Jennifer Doudna was born in Washington, D.C., but spent most of her childhood in Hilo, Hawaii, where her father taught American literature at the University of Hawaii at Hilo and her mother lectured on history at a local community college. Doudna’s interest in science began with her explorations into the rainforests around her home. She traces her first exposure to biochemistry, however, to a copy of James Watson’s The Double Helix, which her father gave her when she was in the sixth grade. “When I picked it up, I couldn’t put it down,” she says. Later, a chemistry class in high school cemented her determination to become a scientist.
Doudna chose Pomona College in California for her undergraduate education because it was small, on the West Coast, and had a strong biochemistry program. She then went to Harvard for graduate school, where she worked with future Nobel laureate Jack Szostak, who was researching ribonucleic acid (RNA), one of two types of nucleic acids (the other is DNA) found in all cells. “I just loved his creative vision about how one could understand something about the origin of life by studying the behavior of RNA molecules,” Doudna recalls.
While in Szostak’s lab, Doudna helped engineer a self-replicating catalytic RNA (ribozyme). That achievement added weight to the hypothesis that RNA, not DNA, was the source of early life, for it demonstrated that RNA not only stores genetic information, but also catalyzes chemical reactions that help duplicate the information — a key attribute of life.
Doudna knew that to truly understand the biochemical activities of catalytic RNA molecules, she would need to visualize their structure. So, for her postdoctoral studies, she went to the University of Colorado at Boulder to work with biochemist Tom Cech, who had just received a Nobel Prize for his discovery of the catalytic properties of RNA. Using X-ray crystallography, Doudna set out to identify the three-dimensional atomic structure of these molecules. She continued that work at Yale University, where she became an assistant professor in 1994 in the Department of Molecular Biophysics and Biochemistry. In 1996, Doudna and Cech published a landmark paper that described, for the first time, what a large-structured ribozyme (specifically, the P4-P6 domain of the Tetrahymena thermophilus group I intron ribozyme) looked like. “Seeing that structure was an exciting moment. I had chills down my spine,” recalls Doudna.
In 2002, Doudna moved to the University of California, Berkeley, where she continued to study the molecular structures and functions of RNA molecules. One of the continuing focuses of her work was to better understand how bacteria fight off viral infections using small bits of RNA. In 2005, Doudna learned about a rare type of bacteria (found in an abandoned mine) that had in its genome an unusual repeating sequence called “clustered regularly interspaced short palindromic repeats,” or CRISPR. The sequences enabled the bacterium to remember the genetic identity of a previous viral attack and then use that memory to mount a successful defense against it. Doudna was intrigued and decided to try to figure out how that process occurred, publishing a series of papers over the next few years about the molecular functions of CRISPR systems.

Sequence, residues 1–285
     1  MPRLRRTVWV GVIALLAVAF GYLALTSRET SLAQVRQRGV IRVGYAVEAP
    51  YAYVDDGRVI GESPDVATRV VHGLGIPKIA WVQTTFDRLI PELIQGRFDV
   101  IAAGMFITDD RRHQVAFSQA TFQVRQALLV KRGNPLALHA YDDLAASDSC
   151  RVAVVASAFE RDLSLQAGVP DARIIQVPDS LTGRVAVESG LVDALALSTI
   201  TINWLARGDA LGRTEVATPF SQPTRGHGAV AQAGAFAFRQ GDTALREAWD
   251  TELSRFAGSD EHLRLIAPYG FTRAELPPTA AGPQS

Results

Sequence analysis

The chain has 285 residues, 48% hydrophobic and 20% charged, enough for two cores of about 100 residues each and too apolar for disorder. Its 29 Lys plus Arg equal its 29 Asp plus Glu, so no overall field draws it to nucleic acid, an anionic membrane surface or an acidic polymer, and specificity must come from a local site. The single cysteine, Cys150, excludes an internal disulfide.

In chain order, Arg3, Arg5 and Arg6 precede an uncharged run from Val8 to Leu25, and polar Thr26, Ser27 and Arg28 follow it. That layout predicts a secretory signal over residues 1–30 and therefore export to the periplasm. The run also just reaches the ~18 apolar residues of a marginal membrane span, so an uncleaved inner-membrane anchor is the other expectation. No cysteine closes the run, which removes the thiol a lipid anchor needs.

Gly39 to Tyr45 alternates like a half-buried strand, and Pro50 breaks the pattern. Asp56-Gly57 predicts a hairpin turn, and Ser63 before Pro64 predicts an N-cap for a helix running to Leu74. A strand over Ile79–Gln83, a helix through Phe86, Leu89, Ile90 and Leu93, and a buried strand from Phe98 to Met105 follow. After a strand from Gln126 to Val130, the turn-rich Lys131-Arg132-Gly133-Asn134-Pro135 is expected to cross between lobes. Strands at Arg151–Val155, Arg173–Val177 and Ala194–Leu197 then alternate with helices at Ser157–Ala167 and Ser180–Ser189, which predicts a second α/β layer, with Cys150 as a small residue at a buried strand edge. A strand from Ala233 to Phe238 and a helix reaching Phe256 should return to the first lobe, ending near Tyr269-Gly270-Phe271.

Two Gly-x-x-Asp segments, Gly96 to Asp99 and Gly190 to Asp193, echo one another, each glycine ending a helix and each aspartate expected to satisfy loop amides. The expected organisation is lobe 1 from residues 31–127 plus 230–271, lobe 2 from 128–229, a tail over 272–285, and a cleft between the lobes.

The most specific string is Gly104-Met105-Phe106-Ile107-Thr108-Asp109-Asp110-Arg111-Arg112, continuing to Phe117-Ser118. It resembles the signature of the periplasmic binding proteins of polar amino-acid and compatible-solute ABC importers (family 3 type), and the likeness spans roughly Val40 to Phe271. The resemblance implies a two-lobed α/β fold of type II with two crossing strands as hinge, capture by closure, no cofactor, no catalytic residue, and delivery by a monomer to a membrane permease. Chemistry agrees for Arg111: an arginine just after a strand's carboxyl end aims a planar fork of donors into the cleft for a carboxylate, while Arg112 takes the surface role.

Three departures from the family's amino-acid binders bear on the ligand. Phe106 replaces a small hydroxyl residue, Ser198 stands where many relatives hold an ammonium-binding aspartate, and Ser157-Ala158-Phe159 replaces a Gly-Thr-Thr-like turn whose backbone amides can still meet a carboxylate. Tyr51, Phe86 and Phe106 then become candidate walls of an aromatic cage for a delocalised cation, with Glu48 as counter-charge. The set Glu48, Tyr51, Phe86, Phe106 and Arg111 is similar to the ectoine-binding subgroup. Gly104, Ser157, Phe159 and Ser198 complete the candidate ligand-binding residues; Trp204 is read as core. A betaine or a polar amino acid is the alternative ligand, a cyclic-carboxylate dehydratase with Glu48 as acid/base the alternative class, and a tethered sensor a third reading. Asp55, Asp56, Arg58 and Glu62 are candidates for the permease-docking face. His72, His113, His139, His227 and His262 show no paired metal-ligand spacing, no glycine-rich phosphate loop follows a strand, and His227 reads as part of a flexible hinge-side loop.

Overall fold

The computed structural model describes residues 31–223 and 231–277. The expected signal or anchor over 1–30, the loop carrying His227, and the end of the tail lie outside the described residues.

In 2011, at a conference in Puerto Rico, Doudna met French microbiologist Emmanuelle Charpentier, who was also working with CRISPR sequences. They decided to pool their expertise —biochemistry, structural biology and microbiology — to determine how CRISPR provides bacteria with viral immunity. Along with postdoctoral researcher Martin Jinek and graduate student Krysztof Chylinski, the Doudna and Charpentier labs found that segments of the bacteria’s CRISPR RNA, generated from DNA sequences stored in the CRISPR locus from an earlier viral attack, team up with the enzyme Cas9 to seek out and cut the invading DNA in half, destroying it.
“It was immediately clear that this could be a very exciting technology,” Doudna recalls. Not only could the process be used to kill viruses, it could also be used to edit DNA — and with remarkable scissor-like precision.
Doudna and Charpentier published their findings in Science in August 2012. Their paper immediately and dramatically transformed the field of molecular biology and genetics. Since then, Doudna and other scientists have shown that the CRISPR/Cas9 technique works in human cells, a finding with enormous implications for preventing and treating many intractable diseases, including viral illnesses, such as HIV, and genetic conditions, such as Down syndrome and sickle cell anemia.
Doudna currently holds the Li Ka Shing Chancellor’s Chair in Biomedical Sciences at the UC Berkeley. Her lab continues to study the CRISPR/Cas9 system, and is also collaborating with other labs to develop clinical applications of the technology. Doudna has received numerous honors and awards for her work, including memberships in the National Academy of Sciences, the American Academy of Arts and Sciences, and the Institute of Medicine. She lives in Berkeley with her husband, Jamie Cate, PhD, who is a professor of biochemistry at UC Berkeley, and their 12-year-old son, Andrew.